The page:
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ERIC Number: ED516029
Record Type: Non-Journal
Publication Date: 2009
Pages: 111
Abstractor: As Provided
Reference Count: 0
ISBN: ISBN-978-1-1096-6760-8
The Relationship between African American Middle School Students' Attitudes toward Reading and Their Reading Comprehension Level
Harris, LeCharle Webb
ProQuest LLC, Ed.D. Dissertation, The University of Memphis
There are numerous strongly held views and myths about African American students in general and middle school students in particular. This study investigated widely held views about African American middle school students' attitudes toward reading and about how positive attitudes toward reading affect reading performances. In this study, four research questions were posed: What are African American middle school students' attitudes toward reading? How do African American boys and girls differ in their attitudes toward reading? What is the relationship between African American middle school students' attitudes toward reading and their reading comprehension? Does the relationship between attitudes and comprehension levels differ for African American boys and girls? The population for this study consisted of middle school students from three local area middle schools in a large urban school district. The instrument used to attain the students' attitude score was Rhody Secondary Reading Attitude Assessment. The attitude score was compared to the students' reading comprehension score from the 2008 T-CAP data to see if a relationship existed. In response to the above questions, this study led to five major findings: (1) African American middle school students have a positive attitude toward reading, (2) African American middle school students are most positive toward general reading, a combination of academic and recreational reading, (3) Attitudes of males and females are strongly positive and they respond in a similar manner for various statements about their attitude toward reading, (4) No statistical relationship exists between reading attitudes and reading performance, and (5) Attitudes of neither boys nor girls influence their reading performances. The study points to the need for more research on African American learners' attitudes toward reading, the effects of these attitudes on reading performance, and the assumed variance in attitudes and reading performance between African American males and females. This study also identifies factors that need to be considered by those who design the literacy curriculum for middle school teachers in urban schools. Most importantly, the present study raises questions about ways to better address the needs of middle school, African American students in relation to reducing the achievement gaps between non-mainstream and mainstream students. [The dissertation citations contained here are published with the permission of ProQuest LLC. Further reproduction is prohibited without permission. Copies of dissertations may be obtained by Telephone (800) 1-800-521-0600. Web page:]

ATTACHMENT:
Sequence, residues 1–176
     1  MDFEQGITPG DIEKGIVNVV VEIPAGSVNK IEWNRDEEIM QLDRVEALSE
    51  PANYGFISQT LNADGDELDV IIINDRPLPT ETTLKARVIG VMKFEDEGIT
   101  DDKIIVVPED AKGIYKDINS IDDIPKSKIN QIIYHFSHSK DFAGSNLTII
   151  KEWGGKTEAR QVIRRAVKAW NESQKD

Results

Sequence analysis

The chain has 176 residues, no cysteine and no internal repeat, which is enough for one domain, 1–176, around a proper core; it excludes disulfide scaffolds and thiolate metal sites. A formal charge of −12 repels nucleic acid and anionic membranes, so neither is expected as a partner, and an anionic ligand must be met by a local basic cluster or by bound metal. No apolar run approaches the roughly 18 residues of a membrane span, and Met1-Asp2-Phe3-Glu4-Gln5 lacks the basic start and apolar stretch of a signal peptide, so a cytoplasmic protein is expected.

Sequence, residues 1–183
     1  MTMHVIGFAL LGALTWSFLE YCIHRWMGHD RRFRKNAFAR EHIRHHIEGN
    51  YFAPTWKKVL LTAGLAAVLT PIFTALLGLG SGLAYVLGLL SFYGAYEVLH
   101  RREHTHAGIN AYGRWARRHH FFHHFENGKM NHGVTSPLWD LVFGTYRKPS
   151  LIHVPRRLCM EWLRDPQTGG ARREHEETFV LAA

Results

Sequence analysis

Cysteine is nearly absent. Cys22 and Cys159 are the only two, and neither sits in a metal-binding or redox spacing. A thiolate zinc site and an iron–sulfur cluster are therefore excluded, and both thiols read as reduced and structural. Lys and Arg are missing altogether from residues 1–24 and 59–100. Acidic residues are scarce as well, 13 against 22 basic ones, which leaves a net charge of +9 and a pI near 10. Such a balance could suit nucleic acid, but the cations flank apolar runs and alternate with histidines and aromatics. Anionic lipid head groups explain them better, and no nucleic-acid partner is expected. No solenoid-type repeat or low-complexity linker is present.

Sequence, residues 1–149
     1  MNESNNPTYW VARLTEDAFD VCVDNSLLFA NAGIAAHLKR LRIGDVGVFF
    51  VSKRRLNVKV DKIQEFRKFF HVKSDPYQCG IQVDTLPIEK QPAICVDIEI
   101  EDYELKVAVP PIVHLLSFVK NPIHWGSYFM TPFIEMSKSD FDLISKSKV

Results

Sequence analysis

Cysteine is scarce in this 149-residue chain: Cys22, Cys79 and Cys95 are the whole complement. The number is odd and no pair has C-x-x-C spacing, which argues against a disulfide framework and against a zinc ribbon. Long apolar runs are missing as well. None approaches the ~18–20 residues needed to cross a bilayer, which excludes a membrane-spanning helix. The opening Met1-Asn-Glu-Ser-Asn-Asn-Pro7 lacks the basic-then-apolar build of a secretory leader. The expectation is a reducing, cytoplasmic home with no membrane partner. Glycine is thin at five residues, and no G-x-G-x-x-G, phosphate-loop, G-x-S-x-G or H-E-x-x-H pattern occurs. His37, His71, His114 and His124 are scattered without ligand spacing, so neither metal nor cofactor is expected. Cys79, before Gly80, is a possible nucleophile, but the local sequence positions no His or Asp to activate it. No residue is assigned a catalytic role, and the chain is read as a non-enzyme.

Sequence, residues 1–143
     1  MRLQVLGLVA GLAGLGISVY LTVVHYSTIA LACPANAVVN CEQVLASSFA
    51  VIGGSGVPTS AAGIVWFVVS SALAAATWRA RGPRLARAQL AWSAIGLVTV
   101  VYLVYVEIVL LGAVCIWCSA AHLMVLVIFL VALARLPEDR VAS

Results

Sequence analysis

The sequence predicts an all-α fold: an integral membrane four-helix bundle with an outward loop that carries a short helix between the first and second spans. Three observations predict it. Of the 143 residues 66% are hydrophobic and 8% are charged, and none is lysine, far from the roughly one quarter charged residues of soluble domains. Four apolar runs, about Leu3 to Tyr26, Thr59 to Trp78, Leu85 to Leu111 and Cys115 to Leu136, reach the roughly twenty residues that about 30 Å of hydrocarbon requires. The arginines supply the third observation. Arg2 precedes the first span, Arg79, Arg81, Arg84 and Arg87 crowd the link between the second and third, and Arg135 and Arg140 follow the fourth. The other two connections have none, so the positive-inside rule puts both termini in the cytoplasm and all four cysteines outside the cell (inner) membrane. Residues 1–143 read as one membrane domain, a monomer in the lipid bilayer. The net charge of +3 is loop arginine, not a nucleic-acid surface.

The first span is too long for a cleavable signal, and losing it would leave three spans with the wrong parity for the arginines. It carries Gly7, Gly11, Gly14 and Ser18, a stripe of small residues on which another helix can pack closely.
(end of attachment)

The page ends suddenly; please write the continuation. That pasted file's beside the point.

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Publication Type: Dissertations/Theses - Doctoral Dissertations
Education Level: Middle Schools
Audience: N/A
Language: English
Sponsor: N/A
Authoring Institution: N/A